Rising junior Jaxon Shipley makes a leaping catch at one of the Longhorn’s open spring practices last week. Shipley is one of 19 returning starts who could provide Texas the tools it needs to fight for a national title.
Editor’s Note: This is the fifth of five burning questions we will ask as spring practice kicks off: Can Texas put together a national title run in 2013?
It’s happened four times: 1963, 1969, 1970 and 2005.
And so, the burning question on the minds of coaches, players and fans this spring is this: Is 2013 the year Texas claims national title No. 5?
The numbers seem to be in the Longhorns’ favor. Texas boasts 19 returning starters, more than any team in the country, with 10 on offense, nine on defense.
After several seasons of quarterback flip flops, Texas has found a solid starter in David Ash. While Ash’s performances were sometimes varied in 2012, he steadily improved and thrilled with a comeback performance in the second half of the Alamo Bowl.
Texas is also one of only two other Big 12 teams bringing back a starting quarterback in 2013, meaning Ash is one of the key faces to watch as he takes the reins and expands his leadership capabilities as a junior. Texas Tech, Kansas State, West Virginia, Oklahoma and Baylor will all return with fresh quarterbacks in the fall.
“He’s confident,” senior defensive tackle Chris Whaley said of Ash. “He is coming out and playing and running the offense like a leader. That’s what we need. He never really said much, but now he is stepping up and being a leader.”
Texas also has a new up-tempo offense, powered by Ash and offensive coordinator/quarterbacks coach Major Applewhite. Head coach Mack Brown envisions the quick strategy will allow the Longhorns to wear down opposing defenses as they did against Oregon State. The strategy was used previously with Vince Young and also when Applewhite himself was suited up in uniform.
“There’s a lot of good players on this football team,” Ash said of playing up-tempo. “We want to get them in the open field and let them run with the football. I think it’s helping the defense get used to playing at a fast tempo. I think it’s a win-win.”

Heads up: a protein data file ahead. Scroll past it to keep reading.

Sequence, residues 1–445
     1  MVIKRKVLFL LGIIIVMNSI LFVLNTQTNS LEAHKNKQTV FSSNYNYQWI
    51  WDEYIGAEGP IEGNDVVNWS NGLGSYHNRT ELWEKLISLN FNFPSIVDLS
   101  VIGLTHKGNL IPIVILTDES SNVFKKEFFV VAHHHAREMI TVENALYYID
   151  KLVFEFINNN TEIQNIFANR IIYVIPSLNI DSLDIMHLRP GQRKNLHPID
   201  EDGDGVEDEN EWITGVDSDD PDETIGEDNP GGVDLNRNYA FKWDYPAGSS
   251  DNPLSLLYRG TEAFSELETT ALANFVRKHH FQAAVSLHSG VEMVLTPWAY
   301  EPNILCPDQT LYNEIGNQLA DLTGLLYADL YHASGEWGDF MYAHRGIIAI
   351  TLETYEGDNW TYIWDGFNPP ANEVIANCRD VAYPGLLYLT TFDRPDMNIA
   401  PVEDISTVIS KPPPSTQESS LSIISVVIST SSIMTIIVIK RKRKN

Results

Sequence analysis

That talent includes returning running backs Johnathan Gray, Malcolm Brown and Joe Bergeron, whose speed will be used in executing up-tempo.
Co-offensive coordinator/wide receivers coach Darrell Wyatt also has plenty to work with. Mike Davis is striving for 1,000 receiving yards in a season after tallying 939 last season and leading the team in receptions. Jaxon Shipley also had over 50 receptions in 2012.
The offensive line will have a returning batch of seniors as well as a string of new additions from its recruiting class with star potential. With Kenny Vaccaro’s departure comes a bevy of players ready to step in and fill the safety slot, including Adrian Phillips, Sheroid Evans and Quandre Diggs.
With all that in mind, Mack Brown is confident this could be the Longhorn’s year to shine.
“We have got a chance to get the program back to a top level,” he said at a press conference before the start of spring practice. “And with what’s happening right now, keep it there.”
The outcome of the season rests on many factors: Ash’s ability to lead effectively, the up-tempo offense’s capability to execute, solving the tackling problem, staying healthy.
But the man in the front seat seems to believe that it can be done. It’ll just take some work.
“We are on the brink, and we just need to take this next step to get Texas back with the elite,” Ash said.
Watch the full interview with David Ash: Why does Vince Young call him Ashley?
Also: Texas considering selling alcohol at athletic events
Published on March 7, 2013 as "Can the Horns win it all?".